Despite my dirty little secret, my favorite book is a translation. When I was eighteen years old, I read Narcissus and Goldmund, by Hermann Hesse. I’m not one for rereading books, but this has been an exception. However, and with all due respect to the English language translator, Ursule Molinaro (and whoever her editor was), even as a teenager, and without any reference to the source German text, I knew the translation wasn’t the best it could be. But note, this is my favorite book, so whatever deficiencies there are in the translation or with the original work, the virtues of both far outweigh them for me. And let me tell you, the problems with Narcissus and Goldmund (and with every other conscientious translation in the history of the world) are child’s play compared to some of what I’ve seen lately.

Remember what we’re talking about though: one of the most beloved books by a Nobel Prize winner who explored the same themes over and over, honing his conceptual expression, written at the height of his career. What happens to the average book that ends up in a translation in which an eighteen-year-old can see deficiencies?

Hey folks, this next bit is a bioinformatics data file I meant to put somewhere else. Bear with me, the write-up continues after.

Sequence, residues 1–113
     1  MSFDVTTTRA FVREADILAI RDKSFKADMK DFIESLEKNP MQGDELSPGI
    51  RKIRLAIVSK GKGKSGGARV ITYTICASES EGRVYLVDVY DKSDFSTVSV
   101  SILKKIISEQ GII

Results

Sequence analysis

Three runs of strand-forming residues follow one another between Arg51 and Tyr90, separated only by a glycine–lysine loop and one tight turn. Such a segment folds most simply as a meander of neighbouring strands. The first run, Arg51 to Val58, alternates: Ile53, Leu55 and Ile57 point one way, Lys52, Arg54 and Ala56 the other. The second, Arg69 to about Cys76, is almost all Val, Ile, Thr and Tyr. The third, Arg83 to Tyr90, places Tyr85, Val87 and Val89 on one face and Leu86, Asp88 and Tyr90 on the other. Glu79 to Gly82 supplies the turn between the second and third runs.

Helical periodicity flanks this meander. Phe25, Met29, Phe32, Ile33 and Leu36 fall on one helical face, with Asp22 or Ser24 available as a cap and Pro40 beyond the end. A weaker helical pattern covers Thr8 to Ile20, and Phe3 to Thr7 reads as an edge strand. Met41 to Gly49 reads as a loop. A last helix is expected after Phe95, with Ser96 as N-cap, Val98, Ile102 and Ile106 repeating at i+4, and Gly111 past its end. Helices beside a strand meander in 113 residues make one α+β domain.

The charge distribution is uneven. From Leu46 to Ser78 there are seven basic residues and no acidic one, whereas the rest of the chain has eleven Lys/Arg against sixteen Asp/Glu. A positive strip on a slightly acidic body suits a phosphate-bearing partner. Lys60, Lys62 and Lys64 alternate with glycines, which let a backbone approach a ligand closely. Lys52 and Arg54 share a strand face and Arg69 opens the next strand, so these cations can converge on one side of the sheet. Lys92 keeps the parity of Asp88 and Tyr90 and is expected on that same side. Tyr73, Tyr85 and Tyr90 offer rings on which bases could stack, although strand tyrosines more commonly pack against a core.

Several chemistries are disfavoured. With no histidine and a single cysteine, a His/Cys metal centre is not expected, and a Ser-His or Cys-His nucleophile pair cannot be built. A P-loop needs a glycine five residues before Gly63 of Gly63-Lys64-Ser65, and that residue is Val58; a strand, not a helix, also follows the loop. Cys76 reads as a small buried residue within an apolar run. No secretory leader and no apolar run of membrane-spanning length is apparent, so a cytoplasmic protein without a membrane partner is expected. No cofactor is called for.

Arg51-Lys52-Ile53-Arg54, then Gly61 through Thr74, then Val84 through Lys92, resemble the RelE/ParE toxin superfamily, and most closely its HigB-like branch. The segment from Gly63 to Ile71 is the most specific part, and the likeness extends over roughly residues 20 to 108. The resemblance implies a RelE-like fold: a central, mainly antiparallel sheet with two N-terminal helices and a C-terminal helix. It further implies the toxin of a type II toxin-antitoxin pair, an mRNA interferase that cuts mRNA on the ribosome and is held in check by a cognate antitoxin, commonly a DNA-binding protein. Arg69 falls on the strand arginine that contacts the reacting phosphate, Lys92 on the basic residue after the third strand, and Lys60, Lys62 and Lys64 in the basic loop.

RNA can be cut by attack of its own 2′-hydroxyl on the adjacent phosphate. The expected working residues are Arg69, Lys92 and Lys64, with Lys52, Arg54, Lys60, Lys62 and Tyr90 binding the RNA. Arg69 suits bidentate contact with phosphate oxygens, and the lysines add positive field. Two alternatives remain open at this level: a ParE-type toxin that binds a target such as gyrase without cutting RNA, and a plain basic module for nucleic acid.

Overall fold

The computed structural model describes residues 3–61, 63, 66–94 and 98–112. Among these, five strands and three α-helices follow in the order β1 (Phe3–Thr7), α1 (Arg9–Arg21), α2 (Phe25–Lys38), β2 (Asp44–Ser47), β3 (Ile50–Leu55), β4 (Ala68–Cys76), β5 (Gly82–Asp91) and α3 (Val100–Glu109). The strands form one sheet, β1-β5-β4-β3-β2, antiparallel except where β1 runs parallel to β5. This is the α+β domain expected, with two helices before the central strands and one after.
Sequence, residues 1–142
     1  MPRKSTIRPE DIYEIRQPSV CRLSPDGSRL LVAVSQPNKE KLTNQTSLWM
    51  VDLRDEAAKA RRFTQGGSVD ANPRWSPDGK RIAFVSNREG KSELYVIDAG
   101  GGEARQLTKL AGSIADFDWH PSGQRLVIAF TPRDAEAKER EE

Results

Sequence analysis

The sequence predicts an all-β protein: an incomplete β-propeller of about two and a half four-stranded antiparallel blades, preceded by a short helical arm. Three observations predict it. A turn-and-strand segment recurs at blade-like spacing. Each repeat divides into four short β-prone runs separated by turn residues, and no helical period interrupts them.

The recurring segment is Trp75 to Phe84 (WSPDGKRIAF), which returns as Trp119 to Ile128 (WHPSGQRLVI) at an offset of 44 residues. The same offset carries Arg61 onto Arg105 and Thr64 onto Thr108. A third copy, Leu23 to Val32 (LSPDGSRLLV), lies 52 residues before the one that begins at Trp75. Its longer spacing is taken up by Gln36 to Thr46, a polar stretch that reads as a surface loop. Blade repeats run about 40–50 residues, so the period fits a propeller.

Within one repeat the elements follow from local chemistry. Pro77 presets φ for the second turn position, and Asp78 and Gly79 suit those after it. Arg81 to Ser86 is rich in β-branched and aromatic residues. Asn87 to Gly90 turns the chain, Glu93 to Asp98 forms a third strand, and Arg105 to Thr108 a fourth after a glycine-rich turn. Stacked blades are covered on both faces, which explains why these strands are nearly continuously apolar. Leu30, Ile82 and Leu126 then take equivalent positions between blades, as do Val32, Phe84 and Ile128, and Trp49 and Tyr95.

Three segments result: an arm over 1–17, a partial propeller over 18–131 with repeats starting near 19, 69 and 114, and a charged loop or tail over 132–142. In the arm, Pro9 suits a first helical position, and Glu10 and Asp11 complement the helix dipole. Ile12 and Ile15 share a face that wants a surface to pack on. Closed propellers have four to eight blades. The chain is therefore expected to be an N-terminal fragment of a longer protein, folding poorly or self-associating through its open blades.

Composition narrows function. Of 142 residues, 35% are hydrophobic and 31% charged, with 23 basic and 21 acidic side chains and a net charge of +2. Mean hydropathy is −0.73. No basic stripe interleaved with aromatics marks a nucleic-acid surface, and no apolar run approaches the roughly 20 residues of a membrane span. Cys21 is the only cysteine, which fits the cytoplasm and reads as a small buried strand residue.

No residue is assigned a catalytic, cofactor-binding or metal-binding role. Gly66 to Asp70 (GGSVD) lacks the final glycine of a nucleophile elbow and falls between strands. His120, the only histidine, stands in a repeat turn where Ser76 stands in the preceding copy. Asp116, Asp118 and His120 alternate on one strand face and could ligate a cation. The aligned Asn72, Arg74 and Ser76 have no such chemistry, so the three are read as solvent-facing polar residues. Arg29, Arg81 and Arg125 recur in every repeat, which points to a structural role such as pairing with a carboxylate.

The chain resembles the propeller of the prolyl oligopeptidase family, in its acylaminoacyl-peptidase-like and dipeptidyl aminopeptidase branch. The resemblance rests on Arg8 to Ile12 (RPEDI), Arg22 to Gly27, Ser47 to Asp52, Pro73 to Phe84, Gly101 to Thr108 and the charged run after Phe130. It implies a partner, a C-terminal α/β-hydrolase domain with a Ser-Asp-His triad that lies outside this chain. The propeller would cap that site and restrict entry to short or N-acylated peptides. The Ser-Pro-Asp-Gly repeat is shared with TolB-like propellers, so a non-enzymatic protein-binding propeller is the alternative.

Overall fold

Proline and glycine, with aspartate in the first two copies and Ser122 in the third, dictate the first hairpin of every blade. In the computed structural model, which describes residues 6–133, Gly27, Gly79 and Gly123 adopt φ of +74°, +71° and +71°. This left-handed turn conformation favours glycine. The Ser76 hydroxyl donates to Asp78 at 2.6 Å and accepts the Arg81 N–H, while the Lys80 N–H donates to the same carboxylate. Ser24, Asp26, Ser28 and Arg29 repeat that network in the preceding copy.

I can tell you what happens to it in my case: it doesn’t get read. I read a paragraph, I start editing the grammar and punctuation in my mind, perhaps rephrasing the dialogue, and I get bored. Whatever great concepts or action there might be in the book, if the language is sub-par, I’m never going to get far enough to find out. There’s just too much good literature (and other things) out there to waste my time. No book is ever perfect, but at the very, very least the language needs to not get in the way of whatever might be interesting otherwise about the book.

One of the most basic standards in professional translation is that translators only translate into their native language. Brain development changes after age 12; if you don’t learn a language before that point, you aren’t a native speaker. Taking me as an example, Finnish and Estonian are second languages for me, so I translation from these languages into English. If someone asks me to translate the other direction, I say no.

The reason should be pretty obvious: even if a translator were to misunderstand something in the original, if he can express what he understood in a fluent, interesting way, the reader will almost certainly never know or care there had been a misunderstanding. Reading is always an act of interpretation after all. But if the language is odd, the reader knows immediately.

What do I mean by odd language? I mean teenagers whose speech makes them sound 50 years old. I mean book after book narrated in the present tense, which is rare and usually awkward in English. I mean non-English punctuation, particularly comma splices. I mean non-English expressions like “open the television” resulting from literal translation. I could go on.